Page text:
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Rock Progressivo Italiano • Italy

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Eclisse biography
ECLISSE were born in 1995 in Teramo, a little city lost between the mountains of Mid-Italy, from a previous band named BABYLON. They suddenly started to work on their own music, ranging from an "Italian style" progressive rock (similar to PFM or BANCO DEL MUTUO SOCCORSO) to an hard progressive rock (similar to DREAM THEATER or RUSH). The Initial line-up was Adamo Troiani (vocals), Gianluca Rastelli (guitars), Berardo Rastelli (guitars), Antonio Bernardini (bass), Giancarlo Abrigata (keyboards), Pietro Adamoli (drums). The band then performed some live gigs to promote the demo, but the vocalist and the drummer suddenly quit. ECLISSE then came through a long transitional period made of several line-up changes till they found a new stability in the original creative nucleus. The subsequent line-up (Berardo Rastelli - guitars & vocals; Gianluca Rastelli - guitars, keyboards, drum Loops; Antonio Bernardini - bass, programming) started a long creative work that led to a new sound more similar to RADIOHEAD, PORCUPINE TREE and MARILLION). After publishing on and their own second cd, due to "real life work" the band then came to a split.

In 1996 they recorded a demo-cd entitled "Demo 1996" and later published on as "Dinamica 1" (1999) that received very good reviews on national fanzines and on some internet sites. In 2003 they recorded a second cd entitled "L'Altra Faccia Dello Specchio", featuring a massive use of electronics, that shifted the original sound to something more similar to RADIOHEAD. This second cd obtained a good response from the press, but not as the first one.

Worth a try!

: : : Antonio Bernardini, ITALY : : :

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3.00 | 3 ratings
Dinamica 1
4.00 | 4 ratings
L'Altra Faccia Dello Specchio

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Showing last 10 reviews only
 Dinamica 1 by ECLISSE album cover Studio Album, 1996
3.00 | 3 ratings

Dinamica 1
Eclisse Rock Progressivo Italiano

Review by Finnforest
Special Collaborator Honorary Collaborator

3 stars 90s RPI with a guitar focus

Eclisse were a band from Teramo Italy which formed in the mid 1990s under the name Babylon, before becoming Eclisse and releasing two very different albums. The first album "Dinamica 1" featured a large 6-piece line-up (that would not last) and tried a harder-edged RPI reinvention than many of the whimsical Italian neo-prog tendencies of the 90s. Dream Theater and Rush were influences as well as the classic RPI bands and Eclisse tried to marry the two with a slightly larger guitar presence than keyboards. The results were mixed, though considering they recorded this in three days I say kudos to them. Their attempts at sophisticated guitar and drums parts did occasionally reveal those influences, but I also heard passages that reminded me of Sunscape, Lorenzo Monni, Braindead, and perhaps Corte Aulica. As those may be fairly obscure references, think Italian bands who were enamored with 90s prog metal, Rush, and Radiohead, with a slightly spacey vibe at times.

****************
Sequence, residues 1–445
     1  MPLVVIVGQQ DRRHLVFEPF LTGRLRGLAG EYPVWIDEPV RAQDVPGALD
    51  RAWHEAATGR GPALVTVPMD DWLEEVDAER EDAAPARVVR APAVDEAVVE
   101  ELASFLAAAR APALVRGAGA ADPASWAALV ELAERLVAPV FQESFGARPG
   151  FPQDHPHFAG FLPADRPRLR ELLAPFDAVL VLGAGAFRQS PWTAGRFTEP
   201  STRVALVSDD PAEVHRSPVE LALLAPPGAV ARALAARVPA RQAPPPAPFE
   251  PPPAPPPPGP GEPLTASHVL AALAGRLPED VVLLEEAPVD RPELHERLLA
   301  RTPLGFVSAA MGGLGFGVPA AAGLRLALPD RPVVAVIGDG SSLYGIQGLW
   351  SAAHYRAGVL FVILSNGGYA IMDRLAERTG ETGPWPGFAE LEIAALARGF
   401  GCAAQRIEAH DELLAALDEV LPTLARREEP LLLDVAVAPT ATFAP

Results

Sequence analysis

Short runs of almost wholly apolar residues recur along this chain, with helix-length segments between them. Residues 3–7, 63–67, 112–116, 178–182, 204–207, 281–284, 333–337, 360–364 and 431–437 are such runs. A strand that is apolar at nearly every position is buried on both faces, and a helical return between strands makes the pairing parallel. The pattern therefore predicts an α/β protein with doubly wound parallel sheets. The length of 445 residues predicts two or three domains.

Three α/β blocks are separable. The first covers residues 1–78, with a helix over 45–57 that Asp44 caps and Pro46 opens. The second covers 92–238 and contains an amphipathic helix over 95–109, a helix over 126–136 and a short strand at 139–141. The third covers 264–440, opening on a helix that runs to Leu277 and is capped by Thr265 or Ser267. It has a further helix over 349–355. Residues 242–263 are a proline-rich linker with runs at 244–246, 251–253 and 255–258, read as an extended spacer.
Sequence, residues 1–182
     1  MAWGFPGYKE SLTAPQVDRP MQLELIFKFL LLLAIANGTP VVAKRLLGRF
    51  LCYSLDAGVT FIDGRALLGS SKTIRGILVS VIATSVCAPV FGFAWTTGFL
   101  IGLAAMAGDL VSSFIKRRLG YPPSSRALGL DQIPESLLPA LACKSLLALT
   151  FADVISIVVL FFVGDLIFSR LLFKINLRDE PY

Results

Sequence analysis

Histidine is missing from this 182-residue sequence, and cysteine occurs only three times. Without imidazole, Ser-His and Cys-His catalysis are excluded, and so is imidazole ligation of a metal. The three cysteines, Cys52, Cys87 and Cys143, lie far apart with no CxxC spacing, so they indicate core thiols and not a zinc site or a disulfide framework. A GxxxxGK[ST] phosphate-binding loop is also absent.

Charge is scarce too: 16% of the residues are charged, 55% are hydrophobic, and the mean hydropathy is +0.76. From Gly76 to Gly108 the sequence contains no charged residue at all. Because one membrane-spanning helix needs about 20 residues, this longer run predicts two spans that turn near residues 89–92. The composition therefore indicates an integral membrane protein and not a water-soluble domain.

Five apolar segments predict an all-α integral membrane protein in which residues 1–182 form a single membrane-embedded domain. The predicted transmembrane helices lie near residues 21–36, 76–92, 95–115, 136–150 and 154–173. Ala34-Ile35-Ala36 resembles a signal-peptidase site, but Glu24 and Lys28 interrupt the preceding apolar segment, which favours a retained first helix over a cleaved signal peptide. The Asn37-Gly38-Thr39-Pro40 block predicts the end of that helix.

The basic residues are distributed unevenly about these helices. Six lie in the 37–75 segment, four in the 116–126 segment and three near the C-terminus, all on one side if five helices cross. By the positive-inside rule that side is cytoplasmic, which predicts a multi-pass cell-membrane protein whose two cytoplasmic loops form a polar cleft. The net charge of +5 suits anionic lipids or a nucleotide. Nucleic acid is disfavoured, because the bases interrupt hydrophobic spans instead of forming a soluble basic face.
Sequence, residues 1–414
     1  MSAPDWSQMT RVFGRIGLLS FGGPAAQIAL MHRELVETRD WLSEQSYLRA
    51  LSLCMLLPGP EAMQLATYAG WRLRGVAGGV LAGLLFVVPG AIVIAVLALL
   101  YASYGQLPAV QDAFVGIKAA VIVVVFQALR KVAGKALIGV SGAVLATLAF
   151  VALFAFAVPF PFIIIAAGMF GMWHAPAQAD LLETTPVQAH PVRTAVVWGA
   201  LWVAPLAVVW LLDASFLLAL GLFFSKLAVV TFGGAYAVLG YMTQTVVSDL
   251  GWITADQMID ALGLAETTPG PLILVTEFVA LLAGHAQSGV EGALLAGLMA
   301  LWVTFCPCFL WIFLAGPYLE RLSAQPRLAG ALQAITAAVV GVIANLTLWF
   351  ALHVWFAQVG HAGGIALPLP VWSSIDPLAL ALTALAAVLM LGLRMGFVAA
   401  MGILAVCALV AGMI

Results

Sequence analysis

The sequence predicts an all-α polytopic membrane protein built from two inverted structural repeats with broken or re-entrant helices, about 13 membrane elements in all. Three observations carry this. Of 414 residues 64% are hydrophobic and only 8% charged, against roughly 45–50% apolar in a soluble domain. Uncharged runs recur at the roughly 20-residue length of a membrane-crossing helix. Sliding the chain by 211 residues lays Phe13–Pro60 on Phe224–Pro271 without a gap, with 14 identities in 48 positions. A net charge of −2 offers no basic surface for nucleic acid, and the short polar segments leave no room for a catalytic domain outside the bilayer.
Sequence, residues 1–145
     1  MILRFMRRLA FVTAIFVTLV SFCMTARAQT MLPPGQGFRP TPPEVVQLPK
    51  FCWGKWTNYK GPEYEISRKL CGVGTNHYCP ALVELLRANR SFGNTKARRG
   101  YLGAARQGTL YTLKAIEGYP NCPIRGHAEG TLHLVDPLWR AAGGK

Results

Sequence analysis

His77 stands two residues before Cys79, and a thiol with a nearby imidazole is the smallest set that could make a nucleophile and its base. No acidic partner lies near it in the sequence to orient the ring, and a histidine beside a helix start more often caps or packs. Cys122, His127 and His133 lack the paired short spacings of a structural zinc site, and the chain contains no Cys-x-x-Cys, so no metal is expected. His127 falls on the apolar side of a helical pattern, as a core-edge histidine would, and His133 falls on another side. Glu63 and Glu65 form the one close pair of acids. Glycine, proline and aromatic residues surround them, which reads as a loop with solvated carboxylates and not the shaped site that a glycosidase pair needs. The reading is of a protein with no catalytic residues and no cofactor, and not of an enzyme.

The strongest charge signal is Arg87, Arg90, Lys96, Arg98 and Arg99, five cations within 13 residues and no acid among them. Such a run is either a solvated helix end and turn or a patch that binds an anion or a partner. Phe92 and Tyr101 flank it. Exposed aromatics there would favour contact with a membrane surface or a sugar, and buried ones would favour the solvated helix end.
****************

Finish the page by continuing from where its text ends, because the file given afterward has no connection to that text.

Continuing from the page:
"Dinamaca 1" was certainly an ambitious album with songs that feel lovingly crafted and likely embellished from gig experience. The keyboards had a somewhat cheap sound to them but were employed nicely anyway, creating generally moody backgrounds of color, textural more than flashy. The keys provided the palette for the dual guitars which were more to the fore. Several tracks had acoustic or clean electric to go along with the saturated electric leads and rhythms, which were occasionally chunky power chords and riffs bordering on prog metal/hard rock aspiration, but never quite taking that leap to metal. There are some marvelous guitar solos and just plain interesting chord sequences that you begin to notice after a few plays. They drums were similarly ambitious, I felt often shooting for fills that were a bit beyond the drummer's league, frankly. The vocals are decent but not the reason to check out this band. Album highlight "Mostri di Fango" sports what I believe is a simulated pipe organ opening, Three Monks it is not, but I appreciated the dramatic effort all the same. This one really evolves into a smoking jam with all parties pushing hard. A couple of the shorter tracks in the middle of the album switch it up and show off a light yet nimble, sophisticated pop-rock, with perhaps some folk spices as well, adding to the songwriting variety and overall depth.

Eclisse were not perfect. You can hear mistakes, which combined with the budget production may turn off some listeners. But I would encourage modern RPI fans to stick with this album for a while. I've grown to enjoy it as one of the many heartfelt underground bands who never made it big (or even moderately) but are still worth my time. I also love that it is a short 34 minute album---as so many of the classic RPI titles were! Not sure if CDs are still around but you can download from Itunes at present. A shade south of 3 stars but close enough to bump them up.

Thanks to ProgLucky for the artist addition.

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